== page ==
EGU General Assembly 2021
© Author(s) 2021. This work is distributed under
the Creative Commons Attribution 4.0 License.

Revised Southern Ocean sea surface temperatures over the last 180 ka

David Chandler and Petra Langebroek
David Chandler and Petra Langebroek
  • NORCE Norwegian Research Centre & Bjerknes Centre for Climate Research, Bergen, Norway

Proxy records and climate models suggest that the Last Interglacial (LIG, ~130 to 115 thousand years before present) was characterised by high-latitude air and sea surface temperatures (SSTs) slightly warmer than present, and by mean global sea level a few metres higher. Therefore, the LIG is widely used as an analogue for near-future oceanographic/climatic conditions. Of particular interest is the Antarctic Ice Sheet’s contribution to rapid sea level rise and to Southern Ocean surface freshening, in response to warming. In the Southern Ocean, existing LIG temperature reconstructions suffer from very high variance amongst a low number of individual records. Recent syntheses have focused on the LIG climatic optimum, but conditions during the penultimate glacial are also important for forcing transient climate or Antarctic Ice Sheet simulations. Here we use databases of modern core-top sediments to evaluate the strengths of SST proxies available in the Southern Ocean, and consider their likely sources of bias and variance. By selecting only those paleo-temperature reconstructions which we believe are reliable in this region, we then compile a Southern Ocean SST synthesis covering the penultimate glacial and the LIG. This longer temperature time series can be used as a basis for LIG ice sheet simulations or for climate model development.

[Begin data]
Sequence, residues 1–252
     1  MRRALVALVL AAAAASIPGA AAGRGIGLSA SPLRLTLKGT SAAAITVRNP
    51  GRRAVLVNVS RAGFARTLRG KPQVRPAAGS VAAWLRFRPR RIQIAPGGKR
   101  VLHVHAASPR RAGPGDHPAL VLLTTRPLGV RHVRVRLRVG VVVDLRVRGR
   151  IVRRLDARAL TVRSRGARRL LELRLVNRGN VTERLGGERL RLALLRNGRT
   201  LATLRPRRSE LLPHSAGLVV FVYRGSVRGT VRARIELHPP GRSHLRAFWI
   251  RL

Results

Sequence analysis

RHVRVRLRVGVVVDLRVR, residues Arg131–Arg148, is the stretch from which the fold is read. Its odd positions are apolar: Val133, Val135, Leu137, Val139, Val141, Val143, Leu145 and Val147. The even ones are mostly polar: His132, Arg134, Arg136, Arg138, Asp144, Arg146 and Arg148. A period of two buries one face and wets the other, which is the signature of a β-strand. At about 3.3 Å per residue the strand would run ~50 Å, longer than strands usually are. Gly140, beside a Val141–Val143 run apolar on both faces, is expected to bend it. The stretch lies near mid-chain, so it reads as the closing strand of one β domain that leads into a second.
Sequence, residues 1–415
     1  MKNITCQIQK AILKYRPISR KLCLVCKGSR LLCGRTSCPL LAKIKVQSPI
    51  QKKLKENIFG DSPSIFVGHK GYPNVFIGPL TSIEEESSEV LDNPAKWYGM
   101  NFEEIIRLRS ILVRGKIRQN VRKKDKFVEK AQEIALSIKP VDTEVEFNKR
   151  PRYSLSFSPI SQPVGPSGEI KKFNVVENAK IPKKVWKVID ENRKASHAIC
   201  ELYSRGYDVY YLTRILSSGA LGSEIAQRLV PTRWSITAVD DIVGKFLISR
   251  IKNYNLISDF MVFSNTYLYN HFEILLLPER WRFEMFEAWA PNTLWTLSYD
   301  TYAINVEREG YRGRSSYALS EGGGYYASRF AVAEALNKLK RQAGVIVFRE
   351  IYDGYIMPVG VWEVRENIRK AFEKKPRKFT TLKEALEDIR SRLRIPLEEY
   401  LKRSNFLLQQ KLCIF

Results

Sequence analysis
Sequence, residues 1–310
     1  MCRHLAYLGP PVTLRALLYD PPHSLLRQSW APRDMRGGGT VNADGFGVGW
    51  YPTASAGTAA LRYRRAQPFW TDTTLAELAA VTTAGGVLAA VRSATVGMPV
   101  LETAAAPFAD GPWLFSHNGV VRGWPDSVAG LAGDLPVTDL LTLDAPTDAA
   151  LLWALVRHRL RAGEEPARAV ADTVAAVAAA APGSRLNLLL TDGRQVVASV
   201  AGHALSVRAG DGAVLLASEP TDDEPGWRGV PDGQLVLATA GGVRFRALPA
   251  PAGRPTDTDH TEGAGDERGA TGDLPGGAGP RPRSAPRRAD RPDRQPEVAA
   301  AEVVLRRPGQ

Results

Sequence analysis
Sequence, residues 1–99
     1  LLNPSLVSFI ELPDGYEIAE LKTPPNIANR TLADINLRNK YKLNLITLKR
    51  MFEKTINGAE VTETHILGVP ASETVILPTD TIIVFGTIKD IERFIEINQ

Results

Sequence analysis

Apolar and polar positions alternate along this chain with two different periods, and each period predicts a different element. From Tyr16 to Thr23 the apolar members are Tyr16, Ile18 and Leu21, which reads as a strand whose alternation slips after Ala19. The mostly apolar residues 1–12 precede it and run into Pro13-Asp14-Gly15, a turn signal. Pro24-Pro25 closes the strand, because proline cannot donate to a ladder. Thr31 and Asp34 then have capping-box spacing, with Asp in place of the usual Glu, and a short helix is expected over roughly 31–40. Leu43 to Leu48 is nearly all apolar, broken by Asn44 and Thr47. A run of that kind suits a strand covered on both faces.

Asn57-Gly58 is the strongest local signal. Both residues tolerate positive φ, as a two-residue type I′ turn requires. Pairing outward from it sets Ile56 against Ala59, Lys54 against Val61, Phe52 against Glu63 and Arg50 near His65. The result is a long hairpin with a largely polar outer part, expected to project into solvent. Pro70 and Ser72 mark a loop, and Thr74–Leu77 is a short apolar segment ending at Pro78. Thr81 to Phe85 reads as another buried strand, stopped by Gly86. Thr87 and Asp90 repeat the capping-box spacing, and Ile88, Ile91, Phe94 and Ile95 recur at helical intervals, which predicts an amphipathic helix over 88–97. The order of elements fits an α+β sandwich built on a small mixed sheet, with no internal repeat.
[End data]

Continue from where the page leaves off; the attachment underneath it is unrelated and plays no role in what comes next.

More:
How to cite: Chandler, D. and Langebroek, P.: Revised Southern Ocean sea surface temperatures over the last 180 ka, EGU General Assembly 2021, online, 19–30 Apr 2021, EGU21-7522,, 2021.

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